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Women and Menopause
by Dr. Abraham Kryger, MD, DMD

What are the stages of menopause?

Menopause is actually defined as the period beginning twelve months after a woman's last menstrual cycle. This is the point when a woman is not "going through" menopause but is "in" menopause.

The stages of menopause depend upon the reason for which the onset of menopause occurred. When menopause is induced by a surgical procedure or by radiation or drug therapy that causes damage to the ovaries, then the stages of menopause are different than those associated with natural menopause which occurs in all women, usually in the fifth decade of life.

Women may have induced menopause for various reasons, including the surgical removal of both ovaries, a procedure called oophorectomy. A hysterectomy, in which the uterus is removed from the woman's body, will also induce menopause.

When a woman has an oophorectomy or a hysterectomy the body is suddenly and artificially prohibited from producing the hormones that are normal during the fertile years. This sudden shift means that menopause happens immediately, and there is not the usual period, sometimes of over five years, in which the body gradually loses fertility and enters into menopause.

This transitional period, which those who experience induced menopause do not go through, is called perimenopause or pre-menopause.

The first step towards menopause is brought when the ovaries start decreasing the amount of estrogen, progesterone and testosterone that your body produces. When a woman is in her late thirties, the amount of progesterone that her body produces begins to diminish. This decrease in hormone production may also create a decrease in libido when compared to how a woman felt in her twenties and early thirties. With this decrease in progesterone comes a decrease in fertility. Perimenopause is described as the onset of typical menopausal symptoms, even though a woman is still ovulating. Early signs of perimenopause include uneven rise and fall of hormone levels. Such abrupt changes in hormones often create mood swings, irritability and sensations of heat called hot flashes.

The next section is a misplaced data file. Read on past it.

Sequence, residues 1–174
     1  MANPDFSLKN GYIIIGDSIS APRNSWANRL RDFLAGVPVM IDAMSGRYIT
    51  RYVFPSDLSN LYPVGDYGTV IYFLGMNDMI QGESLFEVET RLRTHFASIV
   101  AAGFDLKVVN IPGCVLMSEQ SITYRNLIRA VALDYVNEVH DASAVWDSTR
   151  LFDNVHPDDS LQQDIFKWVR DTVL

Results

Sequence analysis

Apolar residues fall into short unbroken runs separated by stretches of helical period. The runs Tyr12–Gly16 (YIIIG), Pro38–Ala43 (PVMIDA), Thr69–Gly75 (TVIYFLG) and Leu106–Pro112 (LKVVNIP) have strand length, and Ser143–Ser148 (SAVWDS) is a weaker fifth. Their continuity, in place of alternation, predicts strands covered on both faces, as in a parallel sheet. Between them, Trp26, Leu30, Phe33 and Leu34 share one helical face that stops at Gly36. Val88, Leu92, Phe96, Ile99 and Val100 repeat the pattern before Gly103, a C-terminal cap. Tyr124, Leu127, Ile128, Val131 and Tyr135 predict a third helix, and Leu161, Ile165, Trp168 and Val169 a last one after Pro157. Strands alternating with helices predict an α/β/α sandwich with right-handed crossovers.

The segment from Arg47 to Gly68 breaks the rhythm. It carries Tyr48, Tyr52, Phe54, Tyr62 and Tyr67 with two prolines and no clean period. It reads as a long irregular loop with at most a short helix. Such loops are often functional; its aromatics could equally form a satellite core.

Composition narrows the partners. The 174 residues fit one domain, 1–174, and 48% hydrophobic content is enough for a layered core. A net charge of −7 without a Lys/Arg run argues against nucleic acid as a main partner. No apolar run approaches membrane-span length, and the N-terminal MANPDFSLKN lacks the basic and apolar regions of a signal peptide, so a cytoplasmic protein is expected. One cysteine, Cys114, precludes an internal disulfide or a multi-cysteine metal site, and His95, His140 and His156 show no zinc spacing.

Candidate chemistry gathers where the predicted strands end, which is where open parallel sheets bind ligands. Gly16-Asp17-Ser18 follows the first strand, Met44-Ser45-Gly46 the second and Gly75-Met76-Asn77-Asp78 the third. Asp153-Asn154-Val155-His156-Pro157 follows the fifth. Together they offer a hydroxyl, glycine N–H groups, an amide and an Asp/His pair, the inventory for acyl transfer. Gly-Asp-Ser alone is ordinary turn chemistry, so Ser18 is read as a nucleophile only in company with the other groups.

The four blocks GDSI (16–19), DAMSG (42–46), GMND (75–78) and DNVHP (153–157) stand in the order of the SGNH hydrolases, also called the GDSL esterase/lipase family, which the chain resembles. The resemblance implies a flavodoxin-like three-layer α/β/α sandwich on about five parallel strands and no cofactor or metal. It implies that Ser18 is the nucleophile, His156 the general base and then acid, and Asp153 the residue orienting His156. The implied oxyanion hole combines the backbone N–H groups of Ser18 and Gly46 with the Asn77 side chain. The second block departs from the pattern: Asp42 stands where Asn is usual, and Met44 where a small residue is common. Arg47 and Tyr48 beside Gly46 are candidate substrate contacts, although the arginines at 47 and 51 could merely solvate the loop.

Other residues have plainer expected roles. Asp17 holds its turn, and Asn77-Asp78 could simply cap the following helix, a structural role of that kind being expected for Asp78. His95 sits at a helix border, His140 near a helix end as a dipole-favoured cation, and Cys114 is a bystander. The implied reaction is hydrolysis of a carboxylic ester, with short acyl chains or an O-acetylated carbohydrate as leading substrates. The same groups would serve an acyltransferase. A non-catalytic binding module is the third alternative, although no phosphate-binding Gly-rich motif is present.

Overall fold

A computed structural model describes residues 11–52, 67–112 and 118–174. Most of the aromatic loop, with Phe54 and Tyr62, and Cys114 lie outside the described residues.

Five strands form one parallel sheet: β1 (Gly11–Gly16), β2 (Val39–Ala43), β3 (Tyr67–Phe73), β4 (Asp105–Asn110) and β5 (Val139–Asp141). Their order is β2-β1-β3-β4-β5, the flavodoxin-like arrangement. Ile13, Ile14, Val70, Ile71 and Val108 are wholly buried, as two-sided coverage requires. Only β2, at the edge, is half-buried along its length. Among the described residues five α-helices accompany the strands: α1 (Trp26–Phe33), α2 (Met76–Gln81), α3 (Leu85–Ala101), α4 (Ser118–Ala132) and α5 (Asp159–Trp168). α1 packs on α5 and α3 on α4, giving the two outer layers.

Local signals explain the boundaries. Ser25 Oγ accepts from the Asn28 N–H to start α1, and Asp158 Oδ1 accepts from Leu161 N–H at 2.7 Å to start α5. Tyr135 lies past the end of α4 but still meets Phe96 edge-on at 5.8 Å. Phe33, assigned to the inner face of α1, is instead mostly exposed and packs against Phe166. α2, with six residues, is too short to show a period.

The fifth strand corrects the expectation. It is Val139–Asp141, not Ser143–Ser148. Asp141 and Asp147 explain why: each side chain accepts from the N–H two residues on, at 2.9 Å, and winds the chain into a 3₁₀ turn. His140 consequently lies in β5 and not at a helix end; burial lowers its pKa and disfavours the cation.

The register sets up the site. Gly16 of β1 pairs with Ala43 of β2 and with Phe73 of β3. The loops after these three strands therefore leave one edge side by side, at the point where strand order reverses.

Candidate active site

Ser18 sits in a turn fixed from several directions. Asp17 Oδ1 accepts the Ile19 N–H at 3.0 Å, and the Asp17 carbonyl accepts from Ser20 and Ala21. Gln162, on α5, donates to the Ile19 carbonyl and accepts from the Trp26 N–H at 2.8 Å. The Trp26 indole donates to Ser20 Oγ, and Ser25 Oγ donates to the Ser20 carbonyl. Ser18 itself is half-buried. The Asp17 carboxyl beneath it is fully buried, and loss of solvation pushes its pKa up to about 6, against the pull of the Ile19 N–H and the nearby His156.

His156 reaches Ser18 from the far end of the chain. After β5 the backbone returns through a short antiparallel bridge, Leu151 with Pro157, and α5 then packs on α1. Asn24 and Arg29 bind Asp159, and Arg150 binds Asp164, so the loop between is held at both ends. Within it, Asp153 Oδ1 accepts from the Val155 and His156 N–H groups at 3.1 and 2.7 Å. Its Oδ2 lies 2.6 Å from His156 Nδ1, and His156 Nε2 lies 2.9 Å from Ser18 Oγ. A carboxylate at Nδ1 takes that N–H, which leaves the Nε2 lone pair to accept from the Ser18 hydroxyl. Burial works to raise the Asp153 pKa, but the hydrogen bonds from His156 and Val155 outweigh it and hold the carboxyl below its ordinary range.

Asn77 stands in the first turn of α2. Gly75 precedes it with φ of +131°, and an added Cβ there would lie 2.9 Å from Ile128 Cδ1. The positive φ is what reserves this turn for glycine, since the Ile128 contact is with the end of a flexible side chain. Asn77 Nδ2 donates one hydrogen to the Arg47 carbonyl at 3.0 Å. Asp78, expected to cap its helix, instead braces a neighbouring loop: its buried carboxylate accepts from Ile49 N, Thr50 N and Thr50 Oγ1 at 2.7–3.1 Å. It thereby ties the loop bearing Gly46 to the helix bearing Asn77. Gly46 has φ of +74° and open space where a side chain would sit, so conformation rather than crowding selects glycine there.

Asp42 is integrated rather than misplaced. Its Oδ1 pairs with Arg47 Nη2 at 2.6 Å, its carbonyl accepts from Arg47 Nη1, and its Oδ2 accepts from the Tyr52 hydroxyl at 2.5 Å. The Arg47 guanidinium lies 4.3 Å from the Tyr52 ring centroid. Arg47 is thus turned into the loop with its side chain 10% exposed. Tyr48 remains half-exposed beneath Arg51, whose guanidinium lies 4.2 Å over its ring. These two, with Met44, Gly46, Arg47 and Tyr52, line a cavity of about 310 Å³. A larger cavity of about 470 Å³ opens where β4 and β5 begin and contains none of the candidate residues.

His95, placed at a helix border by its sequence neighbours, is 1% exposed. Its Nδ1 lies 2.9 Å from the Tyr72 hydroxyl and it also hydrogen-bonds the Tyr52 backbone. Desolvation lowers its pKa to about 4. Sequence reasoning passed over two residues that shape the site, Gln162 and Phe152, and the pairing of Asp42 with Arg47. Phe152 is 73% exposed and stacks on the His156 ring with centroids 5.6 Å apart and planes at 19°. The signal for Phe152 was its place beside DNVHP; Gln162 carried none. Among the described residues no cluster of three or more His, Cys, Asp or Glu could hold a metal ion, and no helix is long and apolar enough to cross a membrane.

You will join the ranks of women who, in a room with a constant and comfortable temperature, suddenly start ripping off clothing and throwing open windows. The good thing about hot flashes is that people will understand what you are going through, as many women have endured these changes before and many women will endure the changes after you.

Hot flashes usually last between thirty seconds and five minutes. The intensity of hot flashes varies and their frequency and duration can also change as you continue transitioning into menopause. Sometimes a hot flash feels like a warm blush, and sometimes it is intense enough to wake a woman up out of a deep sleep. The latter is called a night sweat. Night sweats can also be a cause of the trouble that many women face during preimenopause of getting a good night’s sleep.